China Stocks Rise to Three-Month High as Technology Shares Gainby and
Equity rebound to continue in short-term, Credit Suisse says
H-shares drop for second day after entering bull market
Chinese stocks advanced to a three-month high, led by technology and consumer-discretionary companies, as investors took heart from signs the world’s second-largest economy is stabilizing.
The Shanghai Composite Index gained 1.5 percent, climbing for a fourth day, as trading resumed after Monday’s holiday. Hundsun Technologies Inc. surged by the day’s limit as a gauge of technology shares increased the most among industry groups. PetroChina Co. paced losses for Chinese shares in Hong Kong as crude retreated for a third day. The premium that A shares have over their counterparts in Hong Kong rose to the highest level in six weeks.
The Shanghai measure capped its longest streak of weekly gains since October amid signs China’s economy and currency are stabilizing. An official factory gauge last week showed improving conditions for the first time in eight months, suggesting the government’s fiscal and monetary stimulus is kicking in. The stocks rebound will continue for another month or two, according to Credit Suisse Group AG.
“The A-share market follows a global equity rebound,” Li Chen, a strategist at Credit Suisse, said at a media briefing in Hong Kong. “And we have seen early signs of economic stabilization in China” judging from increases in steel prices, infrastructure investments and property sales in March, he said.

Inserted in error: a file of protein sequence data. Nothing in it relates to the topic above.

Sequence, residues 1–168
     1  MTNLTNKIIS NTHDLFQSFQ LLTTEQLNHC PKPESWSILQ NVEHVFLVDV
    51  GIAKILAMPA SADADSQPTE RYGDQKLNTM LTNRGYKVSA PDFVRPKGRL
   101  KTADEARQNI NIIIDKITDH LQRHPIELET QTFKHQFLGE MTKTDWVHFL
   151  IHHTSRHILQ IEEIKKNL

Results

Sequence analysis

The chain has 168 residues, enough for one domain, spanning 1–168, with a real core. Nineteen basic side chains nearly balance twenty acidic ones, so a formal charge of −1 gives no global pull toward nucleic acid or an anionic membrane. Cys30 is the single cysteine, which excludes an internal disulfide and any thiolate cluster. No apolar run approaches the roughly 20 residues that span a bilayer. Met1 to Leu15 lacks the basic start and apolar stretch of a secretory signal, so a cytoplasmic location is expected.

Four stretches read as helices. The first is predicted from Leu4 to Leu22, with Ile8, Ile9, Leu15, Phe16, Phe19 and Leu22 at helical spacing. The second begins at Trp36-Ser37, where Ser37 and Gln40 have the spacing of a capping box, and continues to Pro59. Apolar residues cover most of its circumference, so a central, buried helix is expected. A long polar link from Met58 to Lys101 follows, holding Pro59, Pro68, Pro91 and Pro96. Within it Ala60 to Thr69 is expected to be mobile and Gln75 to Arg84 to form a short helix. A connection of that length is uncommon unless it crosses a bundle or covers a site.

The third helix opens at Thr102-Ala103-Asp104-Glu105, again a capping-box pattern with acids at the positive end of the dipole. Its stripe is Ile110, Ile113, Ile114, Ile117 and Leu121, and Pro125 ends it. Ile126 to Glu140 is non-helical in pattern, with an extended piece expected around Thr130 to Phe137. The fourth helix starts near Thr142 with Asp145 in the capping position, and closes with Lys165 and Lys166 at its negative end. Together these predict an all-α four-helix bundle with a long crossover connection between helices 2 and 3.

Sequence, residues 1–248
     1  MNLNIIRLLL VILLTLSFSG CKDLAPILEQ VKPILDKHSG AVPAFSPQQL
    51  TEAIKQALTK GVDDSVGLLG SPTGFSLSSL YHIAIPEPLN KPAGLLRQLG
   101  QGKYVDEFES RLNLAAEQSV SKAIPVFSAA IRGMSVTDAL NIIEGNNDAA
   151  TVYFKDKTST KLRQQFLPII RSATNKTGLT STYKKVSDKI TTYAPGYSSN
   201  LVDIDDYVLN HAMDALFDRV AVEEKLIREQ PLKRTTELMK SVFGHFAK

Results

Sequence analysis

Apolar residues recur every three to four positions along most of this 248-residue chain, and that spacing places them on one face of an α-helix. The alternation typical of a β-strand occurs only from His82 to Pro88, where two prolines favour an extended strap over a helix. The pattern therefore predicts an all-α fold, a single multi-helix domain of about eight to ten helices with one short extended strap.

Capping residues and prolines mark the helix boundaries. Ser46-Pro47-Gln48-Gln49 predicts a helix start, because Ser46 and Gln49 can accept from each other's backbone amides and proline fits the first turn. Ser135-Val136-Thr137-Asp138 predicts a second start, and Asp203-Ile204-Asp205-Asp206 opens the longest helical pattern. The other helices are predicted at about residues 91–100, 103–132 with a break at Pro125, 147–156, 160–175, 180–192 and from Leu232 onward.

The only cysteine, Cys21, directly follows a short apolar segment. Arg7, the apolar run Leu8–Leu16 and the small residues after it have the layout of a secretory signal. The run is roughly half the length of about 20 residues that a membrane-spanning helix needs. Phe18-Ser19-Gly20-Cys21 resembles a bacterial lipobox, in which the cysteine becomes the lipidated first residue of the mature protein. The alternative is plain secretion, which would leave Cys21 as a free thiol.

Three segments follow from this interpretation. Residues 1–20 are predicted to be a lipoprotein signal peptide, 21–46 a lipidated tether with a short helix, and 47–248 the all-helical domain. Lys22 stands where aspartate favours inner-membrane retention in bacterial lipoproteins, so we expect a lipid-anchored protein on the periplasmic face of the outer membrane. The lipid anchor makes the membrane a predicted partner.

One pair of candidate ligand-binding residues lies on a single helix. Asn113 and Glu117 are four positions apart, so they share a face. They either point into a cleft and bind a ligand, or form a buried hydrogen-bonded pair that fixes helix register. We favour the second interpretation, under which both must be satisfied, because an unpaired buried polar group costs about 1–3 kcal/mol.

The Shanghai equity measure rose to 3,053.07 at the close, after falling 0.5 percent earlier. Trading volumes were 16 percent above the 30-day average. The Hang Seng China AH Premium Index climbed to 139.72, the highest level since Feb. 24.
The CSI 300 Index added 1.3 percent, with all 10 industry groups advancing. A measure of technology companies increased 2.7 percent, as Hundsun Technologies and Neusoft Corp. surged 10 percent. Appliance-maker TCL Corp. advanced 2.4 percent in Shenzhen to pace gains for consumer-discretionary shares.
The Hang Seng China index slid 1.9 percent after the measure entered a bull market last week. PetroChina sank 4.1 percent in Hong Kong as oil futures slid as much as 1.2 percent in New York before U.S. government data forecast to show that increasing crude stockpiles kept supplies at the highest level in more than eight decades.
Airlines extended gains on lower oil prices, with Air China Ltd. jumping 3.5 percent in Shanghai to take its four-day surge to 11 percent. China Southern Airlines Co. gained 2.5 percent, while China Eastern Airlines Corp. advanced 1.5 percent.
China’s manufacturing purchasing managers’ index rose to 50.2 in March, signaling an expansion as compared with expectations for a contraction in a Bloomberg survey of economists. Top officials at the National People’s Congress last month unveiled a record fiscal deficit and pledged to accelerate restructuring of bloated state-owned industries to meet their 6.5 percent to 7 percent expansion target for this year. Monetary authorities have flagged more room to act if growth falters.
“The A-share market still has room for a rebound,” said Linus Yip, a Hong Kong-based strategist at First Shanghai Securities Ltd. “It’s doing well because economic indicators are turning more positive.”
The Shanghai gauge has dropped 14 percent this year and is still among the world’s worst-performing stock benchmarks. The nation’s economic surprises are increasingly driving global stock-market returns, underscoring the need for clear and timely communication by the Communist Party, according to the International Monetary Fund.